• Richard Desmond has brought over Melanie Danks to fill in the publisher gap at American OK! left by Gabriel "Gaby" Fireman's sudden departure. Meanwhile, the nicknamed staffing continues with former Us Weekly exec editor (and former U.K. OK! EIC) Nicola "Nic" McCartney becoming American OK!'s editor in April.
Gone is publisher Gabriel "Gaby" Fireman on the heels of ad pages dropping from 20 at launch to just 10 in the most recent issues. Even the interns, notorious for their perpetual cheeriness, are worried their gift bag supply might be limited.
Having already spent $10 million of the $100 million (over six years) advertising campaign for the U.S. version of OK!, publisher Richard Desmond is looking at dismal returns — and he can't even blame Sarah Ivens.
Desmond promised advertisers a 350,000 rate base but the celeb rag has been seriously underdelivering .. by as much as two-thirds. With two issues out so far, only about one-tenth of the 1.3 million copies printed have been picked up by those defecting from Star and Us Weekly.
Desmond's camp is remaining tight-lipped about how their title is actually performing and, unlike its paid-for coverage, claims those circ figures are entirely academic.
We hadn't been aware that Britain's Independent was actually just a facade for Richard Desmond's press releases, and then we read U.S. OK! editor Ian Burrell's masturbatory "article" on how "the Stateside launch of Richard Desmond's OK! threatens to revolutionise the US celebrity magazine market."
Apparently, the American OK! is the "the one all New York's talking about." He neglects to mention it's the one we've all been "talking about" in very, very sarcastic tones.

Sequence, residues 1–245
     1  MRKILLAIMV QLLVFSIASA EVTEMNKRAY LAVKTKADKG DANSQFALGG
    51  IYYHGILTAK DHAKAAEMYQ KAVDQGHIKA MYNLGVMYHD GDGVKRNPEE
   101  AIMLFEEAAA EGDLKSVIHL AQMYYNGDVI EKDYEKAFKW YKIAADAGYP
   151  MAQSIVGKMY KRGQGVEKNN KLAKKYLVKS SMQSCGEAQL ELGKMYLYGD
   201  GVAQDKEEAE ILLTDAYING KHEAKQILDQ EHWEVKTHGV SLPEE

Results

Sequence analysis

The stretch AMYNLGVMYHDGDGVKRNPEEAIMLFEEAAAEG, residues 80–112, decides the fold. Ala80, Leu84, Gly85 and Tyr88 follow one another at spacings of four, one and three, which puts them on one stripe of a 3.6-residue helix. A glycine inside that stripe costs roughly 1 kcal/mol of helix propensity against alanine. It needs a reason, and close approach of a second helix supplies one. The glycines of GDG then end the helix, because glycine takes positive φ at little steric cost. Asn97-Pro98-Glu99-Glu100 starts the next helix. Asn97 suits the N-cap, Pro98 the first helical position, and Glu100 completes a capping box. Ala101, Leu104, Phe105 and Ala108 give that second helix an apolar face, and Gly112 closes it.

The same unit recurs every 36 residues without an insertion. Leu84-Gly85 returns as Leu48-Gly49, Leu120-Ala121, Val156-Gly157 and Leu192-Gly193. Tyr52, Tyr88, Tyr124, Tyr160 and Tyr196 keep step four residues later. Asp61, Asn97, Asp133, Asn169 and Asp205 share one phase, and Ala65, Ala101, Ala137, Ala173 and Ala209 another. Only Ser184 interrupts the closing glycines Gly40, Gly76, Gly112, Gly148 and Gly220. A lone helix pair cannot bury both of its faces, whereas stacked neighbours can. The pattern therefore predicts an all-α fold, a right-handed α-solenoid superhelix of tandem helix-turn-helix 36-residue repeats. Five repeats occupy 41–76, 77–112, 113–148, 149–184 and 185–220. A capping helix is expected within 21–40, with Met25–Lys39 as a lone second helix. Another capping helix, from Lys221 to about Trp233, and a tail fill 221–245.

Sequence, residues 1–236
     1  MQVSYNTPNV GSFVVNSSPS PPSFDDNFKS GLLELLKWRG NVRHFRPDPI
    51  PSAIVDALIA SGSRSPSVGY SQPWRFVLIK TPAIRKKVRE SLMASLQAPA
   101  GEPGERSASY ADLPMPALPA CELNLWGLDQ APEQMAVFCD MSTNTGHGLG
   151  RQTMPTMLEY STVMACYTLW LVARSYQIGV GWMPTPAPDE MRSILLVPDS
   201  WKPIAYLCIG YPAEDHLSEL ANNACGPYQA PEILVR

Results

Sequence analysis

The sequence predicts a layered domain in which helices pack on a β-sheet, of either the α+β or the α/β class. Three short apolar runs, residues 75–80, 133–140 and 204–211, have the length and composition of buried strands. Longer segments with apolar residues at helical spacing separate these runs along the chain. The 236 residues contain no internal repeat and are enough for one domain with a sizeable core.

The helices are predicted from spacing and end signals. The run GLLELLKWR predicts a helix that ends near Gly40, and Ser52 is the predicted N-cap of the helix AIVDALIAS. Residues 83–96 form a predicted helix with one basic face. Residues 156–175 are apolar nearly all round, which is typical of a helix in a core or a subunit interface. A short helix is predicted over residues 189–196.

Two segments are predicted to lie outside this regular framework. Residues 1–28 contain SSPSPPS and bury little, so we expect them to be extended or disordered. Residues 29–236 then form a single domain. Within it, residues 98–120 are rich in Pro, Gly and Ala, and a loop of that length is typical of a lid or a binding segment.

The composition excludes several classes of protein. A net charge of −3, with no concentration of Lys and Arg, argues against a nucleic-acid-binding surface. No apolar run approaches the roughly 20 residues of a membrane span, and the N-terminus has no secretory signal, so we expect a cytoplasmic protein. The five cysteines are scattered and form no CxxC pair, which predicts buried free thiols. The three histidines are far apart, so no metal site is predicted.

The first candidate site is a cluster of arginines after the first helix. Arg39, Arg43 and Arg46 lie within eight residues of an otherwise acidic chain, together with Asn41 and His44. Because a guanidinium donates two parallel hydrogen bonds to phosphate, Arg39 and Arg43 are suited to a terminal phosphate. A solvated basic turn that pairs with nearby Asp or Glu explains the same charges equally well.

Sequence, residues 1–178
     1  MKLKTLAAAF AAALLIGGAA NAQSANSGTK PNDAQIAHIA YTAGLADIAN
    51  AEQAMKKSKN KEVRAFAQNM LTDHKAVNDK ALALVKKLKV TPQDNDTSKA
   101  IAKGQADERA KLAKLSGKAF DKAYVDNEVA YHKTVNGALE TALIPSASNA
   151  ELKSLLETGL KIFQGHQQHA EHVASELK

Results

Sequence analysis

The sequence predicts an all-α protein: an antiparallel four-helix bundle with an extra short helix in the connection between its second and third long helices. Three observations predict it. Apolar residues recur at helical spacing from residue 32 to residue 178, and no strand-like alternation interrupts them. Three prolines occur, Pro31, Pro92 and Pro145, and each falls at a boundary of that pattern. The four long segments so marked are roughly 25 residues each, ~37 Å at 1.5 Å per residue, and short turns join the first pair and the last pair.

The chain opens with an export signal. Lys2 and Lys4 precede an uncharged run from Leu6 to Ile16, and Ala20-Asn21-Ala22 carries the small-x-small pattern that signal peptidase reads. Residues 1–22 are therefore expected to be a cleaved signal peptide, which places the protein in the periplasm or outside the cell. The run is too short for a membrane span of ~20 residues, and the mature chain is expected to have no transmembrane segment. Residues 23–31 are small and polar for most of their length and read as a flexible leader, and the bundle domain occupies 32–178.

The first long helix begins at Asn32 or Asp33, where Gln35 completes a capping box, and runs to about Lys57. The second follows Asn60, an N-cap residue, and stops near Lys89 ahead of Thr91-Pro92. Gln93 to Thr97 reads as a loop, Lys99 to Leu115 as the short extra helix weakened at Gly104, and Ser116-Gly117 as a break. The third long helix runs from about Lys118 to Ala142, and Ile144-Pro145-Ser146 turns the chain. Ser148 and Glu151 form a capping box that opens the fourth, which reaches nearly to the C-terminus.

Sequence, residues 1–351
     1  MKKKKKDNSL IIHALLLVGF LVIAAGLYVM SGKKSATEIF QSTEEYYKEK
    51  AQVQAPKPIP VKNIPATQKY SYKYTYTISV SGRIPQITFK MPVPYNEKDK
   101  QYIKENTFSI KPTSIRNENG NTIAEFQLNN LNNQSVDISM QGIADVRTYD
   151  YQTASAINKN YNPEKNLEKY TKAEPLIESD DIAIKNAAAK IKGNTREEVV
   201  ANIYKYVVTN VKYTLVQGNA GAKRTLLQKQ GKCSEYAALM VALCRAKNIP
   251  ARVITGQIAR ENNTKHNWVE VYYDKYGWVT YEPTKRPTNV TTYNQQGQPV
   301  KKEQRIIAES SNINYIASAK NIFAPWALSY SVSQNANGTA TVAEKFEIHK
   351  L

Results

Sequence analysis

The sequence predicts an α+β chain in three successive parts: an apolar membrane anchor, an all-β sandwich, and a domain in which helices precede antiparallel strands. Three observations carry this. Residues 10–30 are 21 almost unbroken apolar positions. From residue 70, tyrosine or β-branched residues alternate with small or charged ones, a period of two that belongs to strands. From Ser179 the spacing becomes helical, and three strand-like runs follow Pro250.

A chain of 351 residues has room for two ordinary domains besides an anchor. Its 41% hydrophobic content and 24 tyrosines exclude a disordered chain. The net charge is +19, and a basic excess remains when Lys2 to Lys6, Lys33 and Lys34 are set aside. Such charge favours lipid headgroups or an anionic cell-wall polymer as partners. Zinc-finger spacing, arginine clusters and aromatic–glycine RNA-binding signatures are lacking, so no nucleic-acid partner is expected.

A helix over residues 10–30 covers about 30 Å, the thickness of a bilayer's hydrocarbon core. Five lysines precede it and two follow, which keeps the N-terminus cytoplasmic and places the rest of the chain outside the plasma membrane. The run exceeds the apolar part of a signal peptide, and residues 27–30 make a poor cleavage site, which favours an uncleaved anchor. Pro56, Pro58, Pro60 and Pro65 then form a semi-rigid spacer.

But let's entertain Burrell's straight-faced attempt at saving face, shall we? He wants ya'll to know about his real life Carrie Bradshaw, Sarah Ivens, who he's billing as
acting out a scene from Sex and the City where Carrie walks through Manhattan and sees her picture on an advertisement on the side of a New York bus.
She so Carrie, in fact, that after the debut Jessica Simpson issue closed, she didn't go home — she went out on the town! Like a real New Yorker!
Except that it was "out on the town"-ish.
Says Ivens: "I told Robert Earl, who owns the Planet Hollywood chain, that it was my 30th birthday and I didn't know what to do, and he said, 'Well, have the fourth floor,'" she says. "He was fabulous - he generously threw me an Eighties disco in Planet Hollywood with free food and free cocktails all night. Some of my friends flew over from London; the staff were there; my husband and my friends from New York. It was really good fun and we partied all night."
At. Planet. Hollywood. Which isn't so much Carrie Bradshaw as it is Lisa Douglas with vertigo.